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Finding Disk Information
Use the df and du commands described in the following sections to show disk use information and to tell if a file system is local (UFS) or remote (NFS).
Displaying Used Disk Space in a Human-Readable Format (df -h)
Use the -h option of the df command—new in the Solaris 9 Operating Environment—to display disk information in a format that is easier to read, for example, 14K, 234M, 2.7G, or 3.0T. Scaling is done by repetitively dividing by 1024. The following example shows the disk use for the mopoke system.
mopoke% df -h Filesystem size used avail capacity Mounted on /dev/dsk/c1t0d0s0 9.6G 2.0G 7.6G 21% / /proc 0K 0K 0K 0% /proc mnttab 0K 0K 0K 0% /etc/mnttab fd 0K 0K 0K 0% /dev/fd swap 533M 40K 533M 1% /var/run swap 534M 344K 533M 1% /tmp /dev/dsk/c1t0d0s7 3.9G 11M 3.9G 1% /export/home /vol/dev/dsk/c1t1d0/sol_9_doc_1of2 356M 356M 0K 100% /cdrom/sol_9_doc_1of2 /export/home/winsor 3.9G 11M 3.9G 1% /home/winsor mopoke%
Displaying Used Disk Space in Kilobytes and Percentage of Capacity (df -k)
Use the -k option of the df command to display disk information in the table format used with SunOS 4.x system software. Type df -k and press Return. The file system, total kilobytes, used kilobytes, available kilobytes, percentage of capacity used, and mount point for local disk partitions are displayed, as shown in the following example.
paperbark% df -k Filesystem kbytes used avail capacity Mounted on /dev/dsk/c0t0d0s0 1388215 920657 412030 70% / /proc 0 0 0 0% /proc fd 0 0 0 0% /dev/fd mnttab 0 0 0 0% /etc/mnttab swap 529832 0 529832 0% /var/run swap 530136 304 529832 1% /tmp /dev/dsk/c0t0d0s7 112783 25289 76216 25% /export/home /dev/dsk/c0t1d0s7 2012390 9 1952010 1% /export/home0 paperbark%
Determining Whether File Systems Are Local or NFS Mounted (df)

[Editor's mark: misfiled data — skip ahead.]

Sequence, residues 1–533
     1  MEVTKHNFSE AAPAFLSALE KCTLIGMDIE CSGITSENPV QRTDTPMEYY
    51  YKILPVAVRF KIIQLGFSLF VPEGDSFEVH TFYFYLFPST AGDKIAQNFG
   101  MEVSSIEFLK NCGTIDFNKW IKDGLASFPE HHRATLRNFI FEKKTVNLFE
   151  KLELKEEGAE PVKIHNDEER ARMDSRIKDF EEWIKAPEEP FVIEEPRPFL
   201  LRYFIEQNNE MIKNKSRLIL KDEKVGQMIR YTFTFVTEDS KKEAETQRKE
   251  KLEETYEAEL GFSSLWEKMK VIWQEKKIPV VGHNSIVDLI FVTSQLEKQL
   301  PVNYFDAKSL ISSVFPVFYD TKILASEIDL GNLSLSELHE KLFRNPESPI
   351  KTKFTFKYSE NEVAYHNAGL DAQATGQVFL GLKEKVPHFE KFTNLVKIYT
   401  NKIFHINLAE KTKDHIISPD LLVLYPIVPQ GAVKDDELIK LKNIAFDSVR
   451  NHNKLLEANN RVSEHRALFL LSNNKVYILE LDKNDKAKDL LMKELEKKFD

To find out whether file systems are local or NFS mounted, type df filesystem and press Return. Disk formatting information (including disk location or mount point) for the file system you specify is displayed.
In the following example, the file system is NFS mounted.
oak% df /home/ignatz bigriver:/export/home/ignatz 538980 399435 85647 82% /home/ignatz oak%
In the following example, the file system is on a local disk.
# df / /dev/dsk/c0t0d0s0 30383 11885 15468 43% / #
Finding All Mounted File Systems of a Specific Type (df -F)
If you want to display all the mounted file systems of one file system type, use the -F option followed by the file system type. The most common file system types are ufs for local file systems and nfs for network file systems. To find all mounted file systems of a specific type, type df -F filesystem-type and press Return.
In the following example, the mounted NFS file systems are displayed.
cinderella% df -F nfs /net (cinderella:(pid153)): 0 blocks -1 files /usr/dist cinderella:(pid153)): 1276248 blocks -1 files /home (cinderella:(pid153)): 0 blocks -1 files /usr/man (oak:/export/man): 272934 blocks -1 files cinderella%
In the following example, the mounted UFS (local) file systems are displayed.
cinderella% df -F ufs (/dev/dsk/c0t0d0s0): 36992 blocks 13558 files /usr (/dev/dsk/c0t0d0s6): 274346 blocks 94403 files /export/home/cinderella (/dev/dsk/c0t3d0s7): 379670 blocks 96046 files cinderella%
In the following example, information about the mounted temporary file system is displayed.
cinderella% df -F tmpfs /tmp (swap ): 88528 blocks 3156 files cinderella%
NOTE. You cannot use the df command to display SWAPFS file systems because they are never mounted.
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